“The specific aim of the joint effort is to lower the geotechnical risk associated with the use of pre-driven longwall recovery rooms and improve the industry’s overall acceptance as a viable alternative to more conventional, potentially dangerous, and costly longwall recoveries,” Strata’s Rob Thomas and NIOSH researcher Stephen Tadolini said.
When using a pre-driven longwall recovery room, the entry is developed and supported ahead of time so that the required combinations of standing and internal supports can be installed before the longwall face approaches.
Recent experience indicates that with this method of recovery, the actual removal of the longwall supports off the face is also both safer and quicker, Tadolini said.
To develop comprehensive design guidelines for pre-driven recovery rooms, a wide range of roof and floor types, seam thicknesses and depths of cover need to be considered.
According to Tadolini a key component of a safe and efficient recovery is the placement of standing support systems that are strong, cuttable, yieldable and pumpable.
Therefore, to properly design the supports, the criteria must include not only the capacity of the support but the convergence requirement as well, particularly with passive standing support systems that develop their loading capacity only through the convergence of the entry.
“What is this convergence requirement, how stiff do the supports need to be, and how much yield is needed to provide adequate ground control? These requirements may also be conflicting by nature,” Tadolini said.
“For example, a stiffer support will develop higher loading in response to the uncontrollable component of the ground response, and therefore will require higher capacity compared to a softer support.
“However, the support cannot be so soft as to allow excessive convergence to occur that will lead to unstable ground conditions.”
So, how much control over the ground response do the supports actually have?
According to NIOSH’s Dr Thomas Barczak: “The correct mix of stiffness, yield and strength depends on the nature of the ground response and the degree of control the supports can provide over the rock mechanics mechanisms that are in play.”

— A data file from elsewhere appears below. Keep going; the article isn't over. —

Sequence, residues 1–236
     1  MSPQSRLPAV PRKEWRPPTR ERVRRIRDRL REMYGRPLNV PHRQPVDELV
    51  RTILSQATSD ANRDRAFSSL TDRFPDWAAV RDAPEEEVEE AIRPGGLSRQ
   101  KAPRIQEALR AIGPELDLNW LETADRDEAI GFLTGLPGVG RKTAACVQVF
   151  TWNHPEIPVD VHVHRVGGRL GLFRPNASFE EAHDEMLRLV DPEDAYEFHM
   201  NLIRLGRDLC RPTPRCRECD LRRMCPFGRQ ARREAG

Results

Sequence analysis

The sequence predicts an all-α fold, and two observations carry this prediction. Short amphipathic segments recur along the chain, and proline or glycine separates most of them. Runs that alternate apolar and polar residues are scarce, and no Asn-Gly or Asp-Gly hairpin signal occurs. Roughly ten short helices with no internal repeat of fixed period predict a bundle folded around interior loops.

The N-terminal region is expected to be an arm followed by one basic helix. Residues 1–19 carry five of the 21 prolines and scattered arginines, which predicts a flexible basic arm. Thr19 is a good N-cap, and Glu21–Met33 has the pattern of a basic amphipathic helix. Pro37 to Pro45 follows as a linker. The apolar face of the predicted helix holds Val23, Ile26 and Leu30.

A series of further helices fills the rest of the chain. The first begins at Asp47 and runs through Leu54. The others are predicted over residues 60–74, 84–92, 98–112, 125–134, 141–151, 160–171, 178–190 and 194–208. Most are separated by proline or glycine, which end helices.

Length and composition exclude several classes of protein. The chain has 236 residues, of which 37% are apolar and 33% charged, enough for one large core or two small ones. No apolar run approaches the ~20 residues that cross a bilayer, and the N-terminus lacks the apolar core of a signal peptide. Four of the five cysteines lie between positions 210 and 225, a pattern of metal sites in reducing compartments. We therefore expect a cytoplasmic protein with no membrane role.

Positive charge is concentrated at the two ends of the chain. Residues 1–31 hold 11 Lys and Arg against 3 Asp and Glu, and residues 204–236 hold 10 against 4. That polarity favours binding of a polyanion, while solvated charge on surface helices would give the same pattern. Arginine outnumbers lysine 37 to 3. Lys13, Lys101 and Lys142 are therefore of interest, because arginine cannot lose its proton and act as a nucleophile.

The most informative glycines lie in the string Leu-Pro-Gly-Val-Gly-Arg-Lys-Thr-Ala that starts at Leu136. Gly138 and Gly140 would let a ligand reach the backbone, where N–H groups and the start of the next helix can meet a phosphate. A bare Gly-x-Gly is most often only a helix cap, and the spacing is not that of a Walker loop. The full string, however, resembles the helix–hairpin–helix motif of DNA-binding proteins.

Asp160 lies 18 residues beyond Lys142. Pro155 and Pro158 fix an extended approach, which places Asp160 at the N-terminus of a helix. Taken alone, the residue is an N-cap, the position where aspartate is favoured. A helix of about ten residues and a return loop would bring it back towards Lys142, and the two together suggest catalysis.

Tadolini said longwall pre-driven recovery rooms provide an excellent opportunity to collect support and ground response measurements since the front abutment pressure alone is sufficient to produce yielding of panel fender as the face approaches the recovery room.
A pre-driven recovery room designed by Foundation Coal’s Dr Peter Zhang contained three test areas within a 450m wide face where standing supports were instrumented with hydraulic bladders to measure support loading, and roof-to-floor convergence was obtained by installing wire displacement transducers on and adjacent to the instrumented supports.
Additionally, magnetic and wire extensometers were installed in roof holes to monitor the immediate and main roof movements to a depth of 12.5m. Hydraulic borehole pressure cells were installed to determine actual pillar loading and yield as the longwall face approached.
The instrumentation was safely monitored remotely from the recovery chutes established along the length of the room to facilitate rapid shield removal.
“As shown in the photograph, the standing supports were installed in a 5m wide recovery room. The longwall safely entered the room and the equipment was removed and reinstalled quickly and efficiently for the next panel,” Tadolini said.
A roof-to-floor convergence meter was placed in the centre of the recovery chute in this example. As illustrated, in the background the 1.25m diameter cribs are installed to support the abutment stresses as the longwall face approaches and enters the recovery room.
A complete analysis of the recovery room response and design recommendations are currently being prepared for the International Ground Control Conference in Mining (IGCCM) sponsored by the West Virginia University (WVU) in Morgantown, WV, July 31–Aug 2, 2007.